3 min read

Times Of Turbulence

Times Of Turbulence

Yes. Its already 10 weeks into 2020…

Times Of Turbulence

Jesus Christ.

I’m probably the least religious person that you’ve ever (or will) encountered, but prayers were necessary. This past week certainly felt like a month. We’re witnessing a historical moment brought to you by the financial market, courtesy of COVID-19. In the past four weeks, the U.S. stock market dropped more than 25% before consolidating at negative ~20% as we enter the weekend. Wiping out all of its $11.5 trillion value gained ever since Trump won his election in 2016.

Coincidence?

Trump addressed the American people about COVID-19 in March 11, and he made sure to slip in a comment stating that the current situation is “not a financial crisis”. Granted, it is true that we are not in a recession (yet, perhaps) — but COVID-19’s impact towards the global economy is only at its starting point. Numerous sectors from the obvious ones such as tourism and retail to gig-economy and banking will be affected simply because of the decrease in productivity that the world will experience in the upcoming months. Spending and consumption will slow down because the majority of people are going to practice social distancing. The whole story seems to be getting worse. By Friday, March 13, LinkedIn news feed has published a topic titled “Layoffs start appearing”, indicating that we’re truly entering into an economic slump after more than 10 years of growth.

Many people will lose money. Older people’s pensions and livelihoods will be greatly impacted. Younger people might not be able to land a good job. On the bright side, for those that are still in our twenties, the current market retracement provided us with the opportunity to garner assets at a cheaper rate and capitalize on the whole incident which tend to only happen once every decade. Personally, this is my first time truly experiencing the practicality behind the following statement — and as expected, it is mentally way more difficult to execute than one might think.

“”— BARON ROTHSCHILD

Its Corona Time~~!!

Yes. You saw that right. A song about the coronavirus is now a viral TikTok meme — what a world we live in!

The spread of COVID-19 has gotten worse in western countries. In the U.S. alone, the number of cases are now soaring past 2,000. Conferences are cancelled, schools are shut down, and cities are taking massive precautions. “Abundance of caution”, they said. I figured that rather than outlining the already negative tone we had this week, why don’t we pay attention to the couple of things that might emerge positively after we go through COVID-19.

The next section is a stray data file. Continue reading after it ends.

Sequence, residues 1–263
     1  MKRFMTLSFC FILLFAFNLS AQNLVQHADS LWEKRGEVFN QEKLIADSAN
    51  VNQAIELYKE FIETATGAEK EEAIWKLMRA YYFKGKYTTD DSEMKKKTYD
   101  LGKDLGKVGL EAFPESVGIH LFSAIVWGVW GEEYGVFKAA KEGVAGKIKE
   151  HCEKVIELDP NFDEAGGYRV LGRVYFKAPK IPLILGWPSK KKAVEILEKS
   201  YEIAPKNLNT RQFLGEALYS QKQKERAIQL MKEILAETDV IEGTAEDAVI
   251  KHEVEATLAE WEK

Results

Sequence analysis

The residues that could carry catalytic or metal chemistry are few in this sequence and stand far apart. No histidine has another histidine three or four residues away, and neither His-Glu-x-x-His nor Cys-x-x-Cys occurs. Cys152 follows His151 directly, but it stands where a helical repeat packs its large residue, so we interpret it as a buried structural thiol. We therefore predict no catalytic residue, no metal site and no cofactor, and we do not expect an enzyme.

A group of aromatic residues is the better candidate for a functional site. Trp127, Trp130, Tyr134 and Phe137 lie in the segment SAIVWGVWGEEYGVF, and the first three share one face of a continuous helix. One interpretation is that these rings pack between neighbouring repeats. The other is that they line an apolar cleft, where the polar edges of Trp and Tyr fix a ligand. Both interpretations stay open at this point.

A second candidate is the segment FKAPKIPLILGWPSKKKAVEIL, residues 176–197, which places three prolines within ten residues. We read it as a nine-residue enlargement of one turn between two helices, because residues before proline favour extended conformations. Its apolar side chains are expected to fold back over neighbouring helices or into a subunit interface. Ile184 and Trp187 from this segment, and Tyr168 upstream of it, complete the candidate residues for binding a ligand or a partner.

The culture of work and education are going to change. In 2020, there are so many different avenues in which one can learn marketable skills that do not fit the conventional teaching method of universities. Don’t get me wrong, I enjoy my undergraduate year, but I do think that the social skills, network, and friendships that you develop outweigh the practical education that you receive in college. Besides, I have figured out that the willingness to learn needs to come from within (there’s only so much that one’s environment can do to help). Podcasts, online courses, coding boot camps, income-share agreement; new and innovative forms of online educations are popping every single day, disrupting the traditional incumbent.

People will become more familiar with the concept of online collaboration, both in work and school settings. COVID-19 might set globalization back for a couple of years, but there’s no doubt that our world are going global and online. People can save time, become more productive, and complete more activities when online collaboration is used with proper accountability.

Zoom is one of the very few stocks that outperformed the entire market in the past couple of weeks.

zoom lyft.png

Other positive thing that can come out of this “social distancing” period is to remember our priorities. Humans, after all, are vulnerable. We hustled and spent hours focusing on our careers but often forgot how quick the world might turn against us. Taking care of our health and being more appreciative of our relationships are always good reminders. Go read those books that you’ve been meaning to, listen to that podcasts that you’ve been downloading, and call your families when you have the time.

Stay safe and see you next week.

-Marco

P.S. In San Diego, I can still find free Purell on the back seat of an Uber that I took earlier yesterday.

Liquid Gold!

To all the seniors out there — everything will be alright!

To all the seniors out there — everything will be alright!